Monday, October 5, 2009

The Doors - L.A. Woman


The Doors actually managed to take blues-rock here and combine it with their more typical sound to make their magnum opus. Manzarek's organ tones are wonderfully soulful, and even the session bassists add a lot. My personal favorite song on here is "L'America"- I love the gloomy bassline, the wonderful martial drums, the incongruity between the dark and bluesy parts, and the masterful lyrical fakeout- "Change the weather, change of luck/and then he'll teach you how to... FIND yourself". I'm assuming the song didn't get much radio play due to that bit, because it really deserves to be one of the most famous songs the Doors ever did. The title track is best known for the "Mr. Mojo Risin'" bit at the end, and then there's Riders on the Storm, which is an awesome song but probably sounds more weighty than it really is since it's the last song on Jim Morrison's final album. L.A. Woman is the only Doors album which I feel doesn't have a single lame moment on it, and I give it my highest recommendation.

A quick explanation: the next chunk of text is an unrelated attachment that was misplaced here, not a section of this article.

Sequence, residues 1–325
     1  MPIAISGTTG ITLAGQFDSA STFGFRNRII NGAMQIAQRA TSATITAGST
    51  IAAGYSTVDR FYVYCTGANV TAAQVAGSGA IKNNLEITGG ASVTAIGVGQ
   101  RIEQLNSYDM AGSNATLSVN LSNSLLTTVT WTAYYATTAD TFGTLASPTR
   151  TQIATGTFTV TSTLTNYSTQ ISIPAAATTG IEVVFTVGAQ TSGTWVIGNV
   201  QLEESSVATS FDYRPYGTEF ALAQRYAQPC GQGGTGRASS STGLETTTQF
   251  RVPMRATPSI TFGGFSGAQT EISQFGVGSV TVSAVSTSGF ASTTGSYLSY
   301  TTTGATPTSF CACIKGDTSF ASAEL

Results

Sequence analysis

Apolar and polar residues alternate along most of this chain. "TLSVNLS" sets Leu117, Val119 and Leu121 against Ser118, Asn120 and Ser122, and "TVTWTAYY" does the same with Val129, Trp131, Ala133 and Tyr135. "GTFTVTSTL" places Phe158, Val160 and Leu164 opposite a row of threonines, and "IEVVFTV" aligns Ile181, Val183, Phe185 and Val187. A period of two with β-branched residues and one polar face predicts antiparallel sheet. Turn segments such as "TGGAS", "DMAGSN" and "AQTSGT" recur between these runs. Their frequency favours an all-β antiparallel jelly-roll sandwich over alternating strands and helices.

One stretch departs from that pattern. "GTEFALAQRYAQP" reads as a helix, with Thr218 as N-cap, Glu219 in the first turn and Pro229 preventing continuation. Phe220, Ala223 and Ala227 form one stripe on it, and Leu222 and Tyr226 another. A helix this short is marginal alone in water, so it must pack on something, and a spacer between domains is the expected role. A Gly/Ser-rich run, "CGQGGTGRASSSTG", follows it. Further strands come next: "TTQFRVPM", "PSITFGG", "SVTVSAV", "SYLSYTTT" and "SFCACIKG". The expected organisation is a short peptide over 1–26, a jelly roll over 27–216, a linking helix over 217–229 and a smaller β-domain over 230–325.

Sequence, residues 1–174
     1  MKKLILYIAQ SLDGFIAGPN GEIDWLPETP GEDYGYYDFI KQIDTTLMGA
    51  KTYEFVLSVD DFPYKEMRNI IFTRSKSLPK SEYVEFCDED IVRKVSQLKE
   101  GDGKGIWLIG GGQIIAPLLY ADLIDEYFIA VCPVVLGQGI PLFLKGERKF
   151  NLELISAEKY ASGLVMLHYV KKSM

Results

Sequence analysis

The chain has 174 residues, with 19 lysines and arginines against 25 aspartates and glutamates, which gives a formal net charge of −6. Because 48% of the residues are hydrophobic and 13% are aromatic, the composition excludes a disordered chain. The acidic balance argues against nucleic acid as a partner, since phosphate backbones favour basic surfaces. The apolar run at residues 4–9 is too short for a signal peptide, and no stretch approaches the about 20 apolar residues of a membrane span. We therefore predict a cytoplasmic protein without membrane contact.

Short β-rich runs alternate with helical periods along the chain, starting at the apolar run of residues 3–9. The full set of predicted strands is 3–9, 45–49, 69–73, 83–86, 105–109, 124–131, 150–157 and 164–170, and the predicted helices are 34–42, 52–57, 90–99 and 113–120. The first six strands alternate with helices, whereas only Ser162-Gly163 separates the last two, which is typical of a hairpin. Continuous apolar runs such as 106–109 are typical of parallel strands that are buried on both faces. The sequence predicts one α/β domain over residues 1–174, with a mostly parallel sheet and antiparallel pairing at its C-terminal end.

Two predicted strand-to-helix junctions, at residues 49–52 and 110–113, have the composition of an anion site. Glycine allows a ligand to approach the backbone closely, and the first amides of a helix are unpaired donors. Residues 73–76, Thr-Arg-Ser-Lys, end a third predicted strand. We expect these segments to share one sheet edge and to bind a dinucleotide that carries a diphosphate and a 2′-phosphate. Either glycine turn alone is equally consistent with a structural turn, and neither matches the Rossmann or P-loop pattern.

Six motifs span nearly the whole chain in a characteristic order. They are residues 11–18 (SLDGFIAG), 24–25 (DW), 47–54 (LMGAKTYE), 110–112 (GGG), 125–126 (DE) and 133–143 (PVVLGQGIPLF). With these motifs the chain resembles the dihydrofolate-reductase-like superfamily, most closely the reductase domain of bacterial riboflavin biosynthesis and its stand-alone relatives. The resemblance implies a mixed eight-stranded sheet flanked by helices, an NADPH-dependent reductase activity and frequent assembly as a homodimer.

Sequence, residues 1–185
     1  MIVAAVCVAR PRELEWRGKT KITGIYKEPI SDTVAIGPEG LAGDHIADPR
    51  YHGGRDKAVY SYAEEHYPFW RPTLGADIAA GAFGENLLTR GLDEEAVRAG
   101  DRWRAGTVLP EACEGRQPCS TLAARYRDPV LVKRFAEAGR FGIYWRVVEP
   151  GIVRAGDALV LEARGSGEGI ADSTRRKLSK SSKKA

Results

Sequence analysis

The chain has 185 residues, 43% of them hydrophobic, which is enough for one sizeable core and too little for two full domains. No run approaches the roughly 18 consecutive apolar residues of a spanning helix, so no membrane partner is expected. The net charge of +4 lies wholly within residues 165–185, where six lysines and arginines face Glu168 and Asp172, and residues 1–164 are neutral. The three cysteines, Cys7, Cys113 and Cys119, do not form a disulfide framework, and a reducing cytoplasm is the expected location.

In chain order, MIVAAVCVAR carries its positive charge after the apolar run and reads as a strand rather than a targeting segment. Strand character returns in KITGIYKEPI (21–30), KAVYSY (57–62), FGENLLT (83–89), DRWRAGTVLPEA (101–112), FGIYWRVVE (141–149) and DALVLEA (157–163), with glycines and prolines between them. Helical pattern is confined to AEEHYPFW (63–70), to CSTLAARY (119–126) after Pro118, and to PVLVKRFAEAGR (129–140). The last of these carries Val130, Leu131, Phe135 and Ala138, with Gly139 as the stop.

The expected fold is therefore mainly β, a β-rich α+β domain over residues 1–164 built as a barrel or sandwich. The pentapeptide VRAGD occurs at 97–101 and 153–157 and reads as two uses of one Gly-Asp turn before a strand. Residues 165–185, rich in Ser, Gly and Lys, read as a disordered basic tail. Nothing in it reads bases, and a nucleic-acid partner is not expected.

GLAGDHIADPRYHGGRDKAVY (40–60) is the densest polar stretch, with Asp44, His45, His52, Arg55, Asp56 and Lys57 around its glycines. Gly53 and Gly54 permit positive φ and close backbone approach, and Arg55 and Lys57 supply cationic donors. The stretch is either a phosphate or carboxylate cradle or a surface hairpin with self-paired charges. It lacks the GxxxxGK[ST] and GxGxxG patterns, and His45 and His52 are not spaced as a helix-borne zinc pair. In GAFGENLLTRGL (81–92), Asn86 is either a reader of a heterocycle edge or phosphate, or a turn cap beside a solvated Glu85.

1 comment:

  1. Good solid reviews of The Doors, but I think U've missed summa Jim Morrison's comedy aspects & I think he might benefit from yr William Shatner approach. Here's a guy whose Serious Drinkin hadda major impact on his "poetry" & his per4mances -- consider the way he croons like Perry Como on "Touch Me" (& the use of the advertising phrase "Stronger than dirt" at the very Nd of that song), the whole "Mr. Mojo Risin" routine, the off-kilter "People Are Strange," etc. MayB when the Doors started having trouble creating enuf material they just Dcided the whole thing was a joke? & remember what Mark Prindle 1nce wrote: "In every Doors song, the shortest distance between two points ... includes a cheesy organ solo!"
    Nice work here on Doors, Queen, Van der Graaf, Roxy -- more please? -- TAD.